Exchange rate pain is real for Europe's main airframer, but threats to move the dollar zone may be political posturing.

It is a tale of two Airbuses. The first Airbus is enjoying runaway success in the market: last month's Dubai air show brought a torrent of sales and the airframer could well end up ahead of arch-rival Boeing when the 2007 order figures are confirmed in a few weeks. It can scarcely build A320 family aircraft quickly enough, with production expected to reach 40 units a month by decade-end (including four aircraft a month assembled in China). A330s are selling faster than they have for some time. Even two programmes that last year seemed a millstone for Airbus - the A350XWB and A380 - appear to have turned the corner, with waiting times for the Boeing 787 helping the A350XWB to 300 orders, and the first A380 finally going into service with Singapore Airlines.

So what of the other Airbus? This Airbus is in crisis: the victim of a weak dollar and locked in a dispute with French and German politicians and unions over its Power8 restructuring plan and the sale of subassembly factories. Louis Gallois, chief executive of Airbus parent EADS, warned last week that the company had "no choice" but to move production outside Europe, possibly to the USA, to cope with the dollar's plunging value (almost all of Airbus's revenues are in the US currency, while most of its costs are in euros). "We're not saying we may have to do this," he told the Europel radio station in Paris. "We're saying we will do this."

So can the threat be taken seriously? After all, Airbus is much more than simply a manufacturing company. It is a product of Europe's post-war determination to create a home-grown aerospace industry and not be eclipsed by the USA's economic might. To export high-tech jobs over the Atlantic is as inconceiveable to many politicians as relocating the Eiffel Tower or Brandenburg Gate to Hollywood. Complicating that is the desire of European governments to retain military capabilities. Although Airbus is a civil manufacturer, products such as the A400M airlifter and even the Eurofighter Typhoon have only been possible because of the industrial know-how held by Airbus's heritage companies.

There are practical problems too. Although the dollar is edging to 1.5 to the euro, currencies can fluctuate. When the European currency was introduced in 2002, the big worry was how low the euro was valued against the dollar. Besides, EADS is hedged at $1.15 per euro for 2008 and at $1.24 in 2009. "That is still painful," says Richard Aboulafia, vice president of analysis with the Teal Group. "But with the exchange rate hovering around $1.45 per euro, it's better than nothing." In addition, setting up greenfield factories in the USA, or elsewhere, takes time. An easier solution might be to simply source more components from dollar-zone suppliers - something Airbus has been stealthily doing over the years - with US-built content making up between 30% and 45% of most Airbus airliners, according to Aboulafia.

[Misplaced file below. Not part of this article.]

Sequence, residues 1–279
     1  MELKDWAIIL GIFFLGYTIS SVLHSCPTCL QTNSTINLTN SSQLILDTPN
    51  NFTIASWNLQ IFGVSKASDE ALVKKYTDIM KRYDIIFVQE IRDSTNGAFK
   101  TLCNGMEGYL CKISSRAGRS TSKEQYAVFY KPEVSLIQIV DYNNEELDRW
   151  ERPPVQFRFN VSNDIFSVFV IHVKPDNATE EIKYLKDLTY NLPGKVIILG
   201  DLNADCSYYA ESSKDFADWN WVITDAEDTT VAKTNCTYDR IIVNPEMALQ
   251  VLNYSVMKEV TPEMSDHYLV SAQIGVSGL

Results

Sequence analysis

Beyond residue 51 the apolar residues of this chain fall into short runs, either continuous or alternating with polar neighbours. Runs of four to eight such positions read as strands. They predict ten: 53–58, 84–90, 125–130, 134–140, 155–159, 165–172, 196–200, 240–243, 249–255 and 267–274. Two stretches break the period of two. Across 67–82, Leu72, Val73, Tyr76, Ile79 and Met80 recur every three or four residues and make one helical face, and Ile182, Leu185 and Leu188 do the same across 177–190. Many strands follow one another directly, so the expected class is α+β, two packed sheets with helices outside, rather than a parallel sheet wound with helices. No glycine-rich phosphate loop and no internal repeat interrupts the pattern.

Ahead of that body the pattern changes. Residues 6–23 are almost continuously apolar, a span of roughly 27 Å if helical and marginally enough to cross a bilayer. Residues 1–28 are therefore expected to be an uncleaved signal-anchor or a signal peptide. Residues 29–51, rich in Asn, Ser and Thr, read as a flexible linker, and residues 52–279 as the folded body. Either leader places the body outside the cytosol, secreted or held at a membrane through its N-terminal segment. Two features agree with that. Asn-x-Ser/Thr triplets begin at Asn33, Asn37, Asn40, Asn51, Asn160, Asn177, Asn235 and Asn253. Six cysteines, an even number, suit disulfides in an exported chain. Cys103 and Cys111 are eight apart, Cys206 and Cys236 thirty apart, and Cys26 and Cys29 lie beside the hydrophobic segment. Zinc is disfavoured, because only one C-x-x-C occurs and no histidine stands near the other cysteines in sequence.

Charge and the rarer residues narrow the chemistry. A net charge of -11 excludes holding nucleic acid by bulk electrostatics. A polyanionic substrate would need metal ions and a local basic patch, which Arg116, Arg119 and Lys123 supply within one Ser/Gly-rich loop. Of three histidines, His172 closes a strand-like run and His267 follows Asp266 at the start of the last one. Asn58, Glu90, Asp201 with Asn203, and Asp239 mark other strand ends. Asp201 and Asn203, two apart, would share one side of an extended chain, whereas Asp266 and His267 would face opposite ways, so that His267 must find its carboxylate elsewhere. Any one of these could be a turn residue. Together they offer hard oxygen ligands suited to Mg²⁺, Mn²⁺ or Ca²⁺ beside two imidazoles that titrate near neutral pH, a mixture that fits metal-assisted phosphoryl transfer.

Euro V US Dollar  

In fact, Aboulafia is convinced comments by Gallois and Airbus chief executive Tom Enders about the "life-threatening" currency situation and that the exchange rate has "passed the pain barrier" are a way of frightening politicians and unions into accepting Power8. "Exaggerating the currency threat to help sell a very necessary corporate restructuring is a smart tactic," he says. Having a pop at the Americans for allowing the dollar to decline - as Gallois did last week - has been a traditional get out for French politicians and industrialists who would rather blame external factors than address shortcomings in their own industrial structures.

Airbus's ambition to reinvent itself as a lean manufacturer, able to compete long-term with Boeing in a global market, depends on it being able to hive off many of its subassembly factories to third parties, something it has been struggling to do for more than a year and where Boeing has been successful. Although this would not involve an immediate massive loss of jobs for European industry - as almost all the Airbus redundancies would be soaked up by the new factory owners - it would reduce the airframer's costs and allow it more flexibility in negotiating with suppliers.

Although these new owners would be free to work for Boeing and others, that flexibility is what frightens unions and politicians. Without the guarantee of Airbus contracts, vital aerospace jobs could be lost over time. In addition, the French government - which retains a 15% shareholding in EADS - and its German counterpart would have much less influence over the smaller businesses bidding to take over the plants: GKN, Latecoere, MT Aerospace, Spirit AeroSystems and Voith - one of which, Spirit, is a US company.

At the heart of it all is the fact that EADS's biggest financial headaches have nothing to do with the exchange rate. A �1.37 billion charge caused by delays to the A400M, and further costs associated with the A350XWB and A380 will all hit its bottom line in 2007. The weak dollar is not the cause of the company's woes, but it is making dealing with them all the harder.

 A320 demand is so strong that Airbus can scarcely build them fast enough



Source: Flight International